Real Parties

5 Tips for Being a Good Host

With several successful restaurants and “Friendsgivings” under their belt, Angela Houska and Joshua Widner know how to do hospitality right. Heather Kane uncovers their secrets just in time for Thanksgiving.

by Heather Kane

Nov 15 2019 at 8 a.m.

Angela Houska with her dog Hank
Photo by Heather KaneAngela Houska poses with good boy Hank in her kitchen.

Entertaining is what husband-wife duo, Angela Houska and Joshua Widner, do best. With several successful restaurants and “Friendsgivings” under their belt, they know how to do hospitality right. 417 Home Editor-at-Large, Heather Kane, sat down with Angela to uncover her entertaining secrets just in time for the holidays.

1. Greet Every Guest

Angela Houska believes that making people feel comfortable is one of the most important things to keep in mind when hosting. “It’s our goal to make people feel welcome and taken care of,” says Houska. “It’s a simple gesture, but it’s so important that either myself or my husband greet each guest at the door and offer them a drink.” For quick serving, Houska and husband Joshua Widner like to make at least one batch cocktail ahead of time to serve guests. They also always offer a non-alcoholic option that feels special. “For a winter cocktail, we love to make Ponche Navideño. It’s a flavorful hot Christmas punch that’s easily made to be alcoholic or not.” You can find the recipe here.

German bitters on a plate
Angela Houska's home decor
Photos by Heather Kane Create the perfect ambiance for your crowd.

2. Create An Inviting and Cozy Ambiance

Low wattage bulbs, twinkling lights, and taper candles add warm light and create just the right mood in the couple’s cozy dining room. Houska likes to set the table a few hours before guests arrive so she has time to enjoy the process. “Setting the table is one of my favorite parts of hosting, a ritual of sorts. It’s a time for me to get creative and enjoy some moments of solitude before guests arrive.” Layering vintage elements like blue willow dishes and brass candle holders, along with natural elements like fresh greens, flowers and produce create an inviting vibe that feels artisanal but not fussy.  Music is another key to ambience in their household. “Jazz is always a safe option, but we also like a little soul and pop, like Leon Bridges or the Alabama Shakes.” A record player sits in the dining room as well where guest can get interactive and play a record they pick out.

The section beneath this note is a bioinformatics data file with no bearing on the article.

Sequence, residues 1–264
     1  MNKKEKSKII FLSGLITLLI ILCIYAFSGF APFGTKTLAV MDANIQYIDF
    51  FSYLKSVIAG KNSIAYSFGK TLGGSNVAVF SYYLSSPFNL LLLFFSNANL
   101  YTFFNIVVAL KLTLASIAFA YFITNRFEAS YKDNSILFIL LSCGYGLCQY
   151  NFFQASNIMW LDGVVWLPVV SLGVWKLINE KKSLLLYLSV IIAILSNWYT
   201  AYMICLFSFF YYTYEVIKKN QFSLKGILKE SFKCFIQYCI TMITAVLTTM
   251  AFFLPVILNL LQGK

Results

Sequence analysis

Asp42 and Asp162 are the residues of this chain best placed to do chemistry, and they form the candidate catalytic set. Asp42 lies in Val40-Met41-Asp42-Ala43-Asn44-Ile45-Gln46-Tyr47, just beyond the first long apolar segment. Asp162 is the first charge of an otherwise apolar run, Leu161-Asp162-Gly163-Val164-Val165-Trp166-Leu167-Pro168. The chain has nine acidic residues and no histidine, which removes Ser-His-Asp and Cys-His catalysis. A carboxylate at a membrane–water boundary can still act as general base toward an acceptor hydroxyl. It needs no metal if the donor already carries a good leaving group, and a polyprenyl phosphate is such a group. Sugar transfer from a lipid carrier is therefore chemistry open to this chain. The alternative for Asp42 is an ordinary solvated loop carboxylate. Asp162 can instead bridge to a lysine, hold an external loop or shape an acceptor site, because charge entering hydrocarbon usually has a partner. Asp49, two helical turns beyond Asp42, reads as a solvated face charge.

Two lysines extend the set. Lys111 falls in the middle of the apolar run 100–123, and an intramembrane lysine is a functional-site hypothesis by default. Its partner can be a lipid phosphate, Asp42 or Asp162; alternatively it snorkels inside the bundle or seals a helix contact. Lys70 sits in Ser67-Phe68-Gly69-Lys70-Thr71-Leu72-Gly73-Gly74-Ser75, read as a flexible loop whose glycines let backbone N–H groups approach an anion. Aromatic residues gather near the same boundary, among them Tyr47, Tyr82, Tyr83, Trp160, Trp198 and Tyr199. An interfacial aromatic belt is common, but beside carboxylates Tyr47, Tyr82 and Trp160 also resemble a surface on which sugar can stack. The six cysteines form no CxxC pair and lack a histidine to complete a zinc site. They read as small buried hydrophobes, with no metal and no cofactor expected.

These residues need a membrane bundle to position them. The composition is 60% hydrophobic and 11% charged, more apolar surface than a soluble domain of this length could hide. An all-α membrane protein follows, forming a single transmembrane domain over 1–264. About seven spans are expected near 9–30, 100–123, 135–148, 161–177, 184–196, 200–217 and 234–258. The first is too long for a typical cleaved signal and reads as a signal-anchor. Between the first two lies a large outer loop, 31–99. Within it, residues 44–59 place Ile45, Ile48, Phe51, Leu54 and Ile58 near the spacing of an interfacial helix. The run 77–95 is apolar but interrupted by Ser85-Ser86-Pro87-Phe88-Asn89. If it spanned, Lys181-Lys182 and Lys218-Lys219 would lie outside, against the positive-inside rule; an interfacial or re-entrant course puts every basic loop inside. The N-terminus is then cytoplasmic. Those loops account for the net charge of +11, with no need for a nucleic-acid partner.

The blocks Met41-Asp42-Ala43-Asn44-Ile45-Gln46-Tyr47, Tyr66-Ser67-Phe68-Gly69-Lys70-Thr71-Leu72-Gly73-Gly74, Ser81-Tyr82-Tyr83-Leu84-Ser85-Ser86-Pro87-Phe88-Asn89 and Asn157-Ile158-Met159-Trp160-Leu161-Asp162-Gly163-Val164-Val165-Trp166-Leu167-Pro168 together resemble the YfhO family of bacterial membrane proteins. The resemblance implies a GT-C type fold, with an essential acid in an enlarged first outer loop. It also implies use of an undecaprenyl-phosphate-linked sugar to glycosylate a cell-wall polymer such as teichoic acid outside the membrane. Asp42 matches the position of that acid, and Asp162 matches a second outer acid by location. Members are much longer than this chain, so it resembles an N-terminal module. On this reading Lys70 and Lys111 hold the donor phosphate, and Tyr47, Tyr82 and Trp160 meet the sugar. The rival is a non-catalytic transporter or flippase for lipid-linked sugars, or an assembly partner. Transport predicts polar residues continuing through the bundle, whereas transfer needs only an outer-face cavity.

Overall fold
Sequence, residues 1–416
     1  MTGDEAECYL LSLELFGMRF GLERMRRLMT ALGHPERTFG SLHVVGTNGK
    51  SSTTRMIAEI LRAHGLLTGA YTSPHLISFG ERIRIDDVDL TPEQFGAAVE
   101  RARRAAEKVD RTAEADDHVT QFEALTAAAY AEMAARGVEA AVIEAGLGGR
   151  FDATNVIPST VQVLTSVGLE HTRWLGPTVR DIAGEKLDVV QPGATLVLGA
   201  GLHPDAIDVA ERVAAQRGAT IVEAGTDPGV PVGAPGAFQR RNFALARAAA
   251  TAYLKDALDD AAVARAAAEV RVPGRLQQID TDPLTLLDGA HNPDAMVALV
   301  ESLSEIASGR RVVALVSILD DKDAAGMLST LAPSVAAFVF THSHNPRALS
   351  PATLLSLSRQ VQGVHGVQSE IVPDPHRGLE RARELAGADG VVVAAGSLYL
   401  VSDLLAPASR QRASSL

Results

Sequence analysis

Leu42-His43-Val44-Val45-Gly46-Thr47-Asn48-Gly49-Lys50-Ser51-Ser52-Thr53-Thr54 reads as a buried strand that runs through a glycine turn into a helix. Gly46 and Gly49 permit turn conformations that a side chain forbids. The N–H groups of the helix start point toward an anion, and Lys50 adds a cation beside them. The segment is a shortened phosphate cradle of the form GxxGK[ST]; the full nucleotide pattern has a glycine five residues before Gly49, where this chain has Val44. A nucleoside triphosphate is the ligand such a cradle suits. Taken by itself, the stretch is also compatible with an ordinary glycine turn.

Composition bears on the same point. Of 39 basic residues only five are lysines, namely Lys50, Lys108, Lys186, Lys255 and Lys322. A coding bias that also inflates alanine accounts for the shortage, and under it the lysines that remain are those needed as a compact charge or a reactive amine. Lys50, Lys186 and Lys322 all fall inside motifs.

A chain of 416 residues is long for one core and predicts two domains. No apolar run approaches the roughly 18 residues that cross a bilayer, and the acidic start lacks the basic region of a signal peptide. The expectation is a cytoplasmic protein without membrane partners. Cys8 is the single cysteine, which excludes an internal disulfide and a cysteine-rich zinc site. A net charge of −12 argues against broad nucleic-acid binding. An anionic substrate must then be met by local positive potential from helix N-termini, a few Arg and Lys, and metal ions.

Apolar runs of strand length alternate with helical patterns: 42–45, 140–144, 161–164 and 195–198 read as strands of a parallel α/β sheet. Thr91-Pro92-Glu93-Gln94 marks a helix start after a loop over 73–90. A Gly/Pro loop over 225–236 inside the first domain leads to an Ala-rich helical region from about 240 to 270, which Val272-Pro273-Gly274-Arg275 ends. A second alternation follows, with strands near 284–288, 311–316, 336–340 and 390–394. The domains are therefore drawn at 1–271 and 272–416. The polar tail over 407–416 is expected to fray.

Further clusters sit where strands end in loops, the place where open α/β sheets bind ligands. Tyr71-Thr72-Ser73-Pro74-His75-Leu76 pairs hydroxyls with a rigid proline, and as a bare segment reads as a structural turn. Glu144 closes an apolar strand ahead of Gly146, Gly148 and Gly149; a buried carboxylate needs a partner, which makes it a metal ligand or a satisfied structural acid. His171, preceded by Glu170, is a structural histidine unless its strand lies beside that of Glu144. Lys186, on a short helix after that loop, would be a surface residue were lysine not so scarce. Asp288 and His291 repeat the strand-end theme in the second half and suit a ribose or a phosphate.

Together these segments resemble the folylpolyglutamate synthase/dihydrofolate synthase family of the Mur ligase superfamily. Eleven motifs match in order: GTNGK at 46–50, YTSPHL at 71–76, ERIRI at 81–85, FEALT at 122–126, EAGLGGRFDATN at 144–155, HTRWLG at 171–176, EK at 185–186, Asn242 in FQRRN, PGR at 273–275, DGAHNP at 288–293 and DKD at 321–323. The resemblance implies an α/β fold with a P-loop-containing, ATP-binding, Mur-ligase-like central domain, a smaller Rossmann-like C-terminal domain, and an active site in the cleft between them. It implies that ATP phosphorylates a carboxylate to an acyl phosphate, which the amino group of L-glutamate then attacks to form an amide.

Angela Houska with house guests
Angela Houska hosting guests
Photos by Heather Kane Know your crowd and tailor the experience.

3. Know Your Crowd

How you entertain is determined by one major factor: the size of your group. For small parties, Houska makes dishes like frittatas and pulls out her hand-wash only vintage dishes. They definitely don’t shy away from hosting larger groups in their home though. “The comforts of the Danish lifestyle, Hygge, appeals to us. We love hosting large groups in our small home and hope for people to feel connected and cozy.” Houska uses recyclable palm leaf plates and usually serves family-style dishes for larger groups.

Angela Houska's grazing board
Angela Houska's favorite local honey
Photos by Heather Kane Grazing boards are a must for any host.

4. Grazing Boards Are a Must

Not only do Houska’s plentiful grazing boards look beautiful, but they taste amazing, too. Houska advises that guests always appreciate a snack before the main dishes are served. She sources her produce, cheeses and other goodies locally and always likes to add hummus and veggies for a vegan option. “One of the many things my grandmother taught me was, ‘Never serve anything in the container it came in.’” She follows this rule by pouring her honey into small jars and the hummus into bowls before adding them to her boards.

Underberg German bitters
Table display with Underberg in the background
Photos by Heather Kane Angela Houska's own unique tradition is toasting before a meal with Underberg, a German bitter.

5. Make Your Own Traditions 

Houska and Widner have their own twist on global traditions; like serving Underberg, a digestive bitter produced in Germany made from 43 aromatic herbs from 43 countries, for just one example. “Typically, Underberg is served after a meal to aid digestion and refresh your spirit,” says Houska. “But we’re not ones to follow strict rules or traditions. We love to make a toast with Underberg before our meal and take that as an opportunity to thank our guests for coming.” They both believe that taking time out for your guests and showing gratitude is what being a good host is all about.